Biden, Trump rallies show sharp contrast as coronavirus surges again


President Donald Trump and his Democratic rival Joe Biden gave starkly contrasting messages on Saturday about the coronavirus pandemic, taking their campaigns for the White House on the road as COVID-19 cases surged again.

Trump addressed a few thousand supporters at a tightly packed, in-person, outdoor rally in North Carolina, one of the battleground states in the Nov. 3 election. He again said America was turning the corner in the fight against COVID-19 and mocked Biden’s more cautious campaigning style.

Biden, a former vice president, addressed supporters in about 130 vehicles at a drive-in rally in the swing state of Pennsylvania and warned of a grim winter ahead unless the Trump administration did a better job of halting the disease, which has killed 224,000 Americans.

Opinion polls show Biden leading Trump nationally, but the race is much closer in the battleground states that will decide the election. Trump was headed to large rallies in two more of those states, Ohio and Wisconsin, later on Saturday.

In Lumberton, North Carolina, he told supporters he was offering a fast recovery from the economic damage wrought by virus lockdowns, which have devastated small businesses and put millions out of work.

“It’s a choice between a Trump super boom and a Biden lockdown,” the Republican president said. “We are rounding the turn,” he said, repeating a claim he has been making for months that America is close to getting the better of the virus.

By contrast, Biden warned that the cold months ahead could be even harsher due to a resurgence of the virus, which has killed more people in the United States than anywhere else and is on the rise in several battleground states.

“It’s going to be a dark winter ahead unless we change our ways,” he said of Trump’s attempts to contain the coronavirus.

Biden was addressing supporters in the town of Bristol who had gathered in pickup trucks or cars, many with their windows or sunroofs down, to avoid possible coronavirus infection. Biden’s campaign limited each vehicle to a maximum of four passengers.

At one point, Biden called out a group of Trump supporters who were shouting into microphones nearby. “We don’t do things like those chumps out there with the microphone are doing. The Trump guys. It’s about decency.”

At his event in Lumberton, Trump made fun of the Biden rally, which he said he had seen on television.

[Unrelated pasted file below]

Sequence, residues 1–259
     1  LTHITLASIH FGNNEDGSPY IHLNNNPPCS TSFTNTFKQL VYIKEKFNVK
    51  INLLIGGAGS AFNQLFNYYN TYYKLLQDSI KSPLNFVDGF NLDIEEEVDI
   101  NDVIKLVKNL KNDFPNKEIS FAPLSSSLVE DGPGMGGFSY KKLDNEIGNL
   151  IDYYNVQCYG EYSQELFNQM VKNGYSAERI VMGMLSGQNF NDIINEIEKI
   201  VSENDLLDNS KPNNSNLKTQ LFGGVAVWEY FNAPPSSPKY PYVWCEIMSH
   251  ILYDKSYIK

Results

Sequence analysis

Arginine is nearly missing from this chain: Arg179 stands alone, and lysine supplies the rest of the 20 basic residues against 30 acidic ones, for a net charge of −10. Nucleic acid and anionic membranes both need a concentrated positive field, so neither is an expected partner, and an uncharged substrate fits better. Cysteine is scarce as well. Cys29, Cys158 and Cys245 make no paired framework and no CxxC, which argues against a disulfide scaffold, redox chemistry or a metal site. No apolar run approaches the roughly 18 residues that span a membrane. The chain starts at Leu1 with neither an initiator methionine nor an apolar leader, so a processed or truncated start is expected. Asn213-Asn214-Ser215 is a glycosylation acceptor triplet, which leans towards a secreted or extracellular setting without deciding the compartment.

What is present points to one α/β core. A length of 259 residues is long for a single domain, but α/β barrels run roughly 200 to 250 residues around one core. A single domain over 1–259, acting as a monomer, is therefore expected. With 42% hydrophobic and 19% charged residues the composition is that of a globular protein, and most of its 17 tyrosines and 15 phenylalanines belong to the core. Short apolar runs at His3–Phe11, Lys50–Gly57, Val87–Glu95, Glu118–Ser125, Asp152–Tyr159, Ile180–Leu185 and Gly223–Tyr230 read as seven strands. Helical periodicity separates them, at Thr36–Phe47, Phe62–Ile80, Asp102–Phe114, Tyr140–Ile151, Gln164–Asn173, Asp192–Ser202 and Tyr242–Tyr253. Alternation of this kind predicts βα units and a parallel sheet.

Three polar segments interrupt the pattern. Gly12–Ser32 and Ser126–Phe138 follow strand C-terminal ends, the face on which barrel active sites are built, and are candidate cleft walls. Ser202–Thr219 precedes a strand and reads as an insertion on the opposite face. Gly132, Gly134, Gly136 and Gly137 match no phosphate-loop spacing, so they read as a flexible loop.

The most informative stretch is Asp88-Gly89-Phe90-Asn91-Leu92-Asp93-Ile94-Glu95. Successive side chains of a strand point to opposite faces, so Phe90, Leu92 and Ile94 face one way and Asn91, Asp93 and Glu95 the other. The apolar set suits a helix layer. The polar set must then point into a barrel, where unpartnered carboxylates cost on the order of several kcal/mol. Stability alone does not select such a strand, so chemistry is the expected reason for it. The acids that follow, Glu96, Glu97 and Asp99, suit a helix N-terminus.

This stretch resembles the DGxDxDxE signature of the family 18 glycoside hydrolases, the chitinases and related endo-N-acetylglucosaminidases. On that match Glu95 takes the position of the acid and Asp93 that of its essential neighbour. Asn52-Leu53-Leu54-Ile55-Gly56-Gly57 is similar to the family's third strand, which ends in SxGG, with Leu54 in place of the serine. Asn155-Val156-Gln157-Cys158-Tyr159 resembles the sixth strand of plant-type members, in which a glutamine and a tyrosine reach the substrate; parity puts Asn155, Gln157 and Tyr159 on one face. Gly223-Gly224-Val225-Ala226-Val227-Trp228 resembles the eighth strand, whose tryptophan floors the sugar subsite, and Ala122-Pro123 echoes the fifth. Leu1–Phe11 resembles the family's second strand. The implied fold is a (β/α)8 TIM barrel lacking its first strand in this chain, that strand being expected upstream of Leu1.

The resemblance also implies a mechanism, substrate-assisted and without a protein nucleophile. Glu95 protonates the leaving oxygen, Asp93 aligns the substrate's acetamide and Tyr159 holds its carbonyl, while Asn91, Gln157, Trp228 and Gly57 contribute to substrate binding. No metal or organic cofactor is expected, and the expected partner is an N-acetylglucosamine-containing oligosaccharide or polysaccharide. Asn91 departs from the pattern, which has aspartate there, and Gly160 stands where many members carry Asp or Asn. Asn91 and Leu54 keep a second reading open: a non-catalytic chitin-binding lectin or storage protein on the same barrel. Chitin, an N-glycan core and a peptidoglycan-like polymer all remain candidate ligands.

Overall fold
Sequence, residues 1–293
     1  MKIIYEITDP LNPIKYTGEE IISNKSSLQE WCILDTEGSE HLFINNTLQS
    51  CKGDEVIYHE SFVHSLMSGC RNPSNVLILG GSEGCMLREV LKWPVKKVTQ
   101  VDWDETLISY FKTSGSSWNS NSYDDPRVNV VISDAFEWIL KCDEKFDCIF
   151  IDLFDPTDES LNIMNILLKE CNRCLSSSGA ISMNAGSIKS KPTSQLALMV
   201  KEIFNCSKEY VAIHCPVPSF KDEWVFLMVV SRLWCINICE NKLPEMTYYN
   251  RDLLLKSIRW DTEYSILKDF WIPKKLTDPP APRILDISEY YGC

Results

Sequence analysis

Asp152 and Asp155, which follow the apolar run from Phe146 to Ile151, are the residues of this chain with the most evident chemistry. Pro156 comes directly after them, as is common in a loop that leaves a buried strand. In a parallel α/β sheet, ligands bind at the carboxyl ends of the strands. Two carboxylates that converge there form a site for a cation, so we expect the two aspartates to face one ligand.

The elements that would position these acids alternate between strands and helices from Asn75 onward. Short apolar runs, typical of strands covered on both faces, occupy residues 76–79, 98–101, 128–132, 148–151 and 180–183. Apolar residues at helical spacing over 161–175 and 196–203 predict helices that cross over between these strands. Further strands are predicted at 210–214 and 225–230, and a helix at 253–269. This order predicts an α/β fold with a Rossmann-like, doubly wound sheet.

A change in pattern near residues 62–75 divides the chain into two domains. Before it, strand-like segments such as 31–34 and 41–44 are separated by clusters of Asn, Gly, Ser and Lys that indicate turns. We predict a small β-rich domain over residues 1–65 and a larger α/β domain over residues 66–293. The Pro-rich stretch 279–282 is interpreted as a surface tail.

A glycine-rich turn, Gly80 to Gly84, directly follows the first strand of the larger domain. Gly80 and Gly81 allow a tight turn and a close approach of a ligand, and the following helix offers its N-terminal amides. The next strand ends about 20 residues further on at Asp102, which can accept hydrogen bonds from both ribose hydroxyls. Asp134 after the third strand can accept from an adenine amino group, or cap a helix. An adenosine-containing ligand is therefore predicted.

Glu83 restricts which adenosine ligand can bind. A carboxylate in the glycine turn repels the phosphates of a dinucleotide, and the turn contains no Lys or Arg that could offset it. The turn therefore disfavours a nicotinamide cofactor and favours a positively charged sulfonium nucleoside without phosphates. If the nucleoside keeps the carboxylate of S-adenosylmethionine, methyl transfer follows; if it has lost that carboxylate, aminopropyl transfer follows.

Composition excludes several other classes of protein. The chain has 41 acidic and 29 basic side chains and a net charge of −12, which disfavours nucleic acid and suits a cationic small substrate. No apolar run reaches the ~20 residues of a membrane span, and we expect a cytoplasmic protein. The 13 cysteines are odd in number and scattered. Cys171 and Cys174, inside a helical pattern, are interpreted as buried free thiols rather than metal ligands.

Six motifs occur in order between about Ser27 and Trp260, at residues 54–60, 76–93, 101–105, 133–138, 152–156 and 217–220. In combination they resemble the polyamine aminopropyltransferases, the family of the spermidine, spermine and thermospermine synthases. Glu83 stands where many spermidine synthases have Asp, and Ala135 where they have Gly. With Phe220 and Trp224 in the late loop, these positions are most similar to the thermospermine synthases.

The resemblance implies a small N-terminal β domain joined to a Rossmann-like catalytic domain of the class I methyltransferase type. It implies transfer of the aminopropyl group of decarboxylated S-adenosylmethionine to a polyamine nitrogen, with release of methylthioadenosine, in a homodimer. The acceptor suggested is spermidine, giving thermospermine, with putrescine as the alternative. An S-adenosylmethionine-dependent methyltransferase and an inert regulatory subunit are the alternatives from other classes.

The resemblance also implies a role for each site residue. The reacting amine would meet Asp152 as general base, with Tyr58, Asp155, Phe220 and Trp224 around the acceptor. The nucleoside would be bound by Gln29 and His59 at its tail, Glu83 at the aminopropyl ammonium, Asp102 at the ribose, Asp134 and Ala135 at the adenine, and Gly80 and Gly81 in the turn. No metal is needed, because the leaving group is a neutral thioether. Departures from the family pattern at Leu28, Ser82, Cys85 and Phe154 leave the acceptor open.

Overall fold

“There were so few cars. I’ve never seen an audience like that,” he said. “It was a tiny, tiny little crowd. You could hear the cars: honk honk.”

The United States set a single-day record of more than 84,000 new COVID-19 cases on Friday, according to a Reuters tally, with the spike in infections hitting election swing states Ohio, Michigan, North Carolina, Pennsylvania and Wisconsin.

North Carolina reported 2,584 new COVID-19 cases on Saturday, down from a record high of 2,716 the day before.

Many states have expanded in-person early voting and mail-in ballots as a safer way to vote during the pandemic.

Trump voted in his adopted home of Florida on Saturday, joining more than 56 million Americans who have cast early ballots at a record-setting pace.

Trump cast his ballot at a library in West Palm Beach, near his Mar-a-Lago resort, after switching his permanent residence and voter registration last year from New York to Florida, a must-win battleground for his re-election bid.

“I voted for a guy named Trump,” he told reporters after voting.

With 10 days to go in the campaign, the pace of early voting could lead to the highest voter turnout rate in more than a century, according to data from the U.S. Elections Project.

Trump has regularly condemned mail-in voting without evidence as prone to fraud, even though experts say it is as safe as any other method.

The large number of early voters is a sign of the intense interest in this year’s election, as well as concerns about avoiding crowded polling places on Election Day and reducing the risk of exposure to the coronavirus.

In New York state, voters jammed polling places and stood in line for hours to cast ballots on the state’s first day of early voting on Saturday. Long lines formed before polls opened across New York City and Long Island, videos on social media shown.

In Pennsylvania, polls show Biden narrowly leading. A Reuters/Ipsos survey released earlier this week showed Biden with a four-percentage point advantage over Trump in the state, down from seven points the week before.

Biden got some help again on Saturday from former President Barack Obama, who held a drive-in rally in Miami.

Obama, still popular in the party nearly four years after leaving office, delivered a blistering attack on Trump’s leadership

“He hasn’t shown any interest in doing the work or helping anybody except himself and his friends or treating the presidency like a reality show to give himself more attention,” Obama said. “The rest of us have to live with the consequences of what he’s done. At least 220,000 Americans are dead.”

About 200 cars, many decorated with American flags and Biden signs, crept past temperature checks and bomb-sniffing dogs on the way to the rally.



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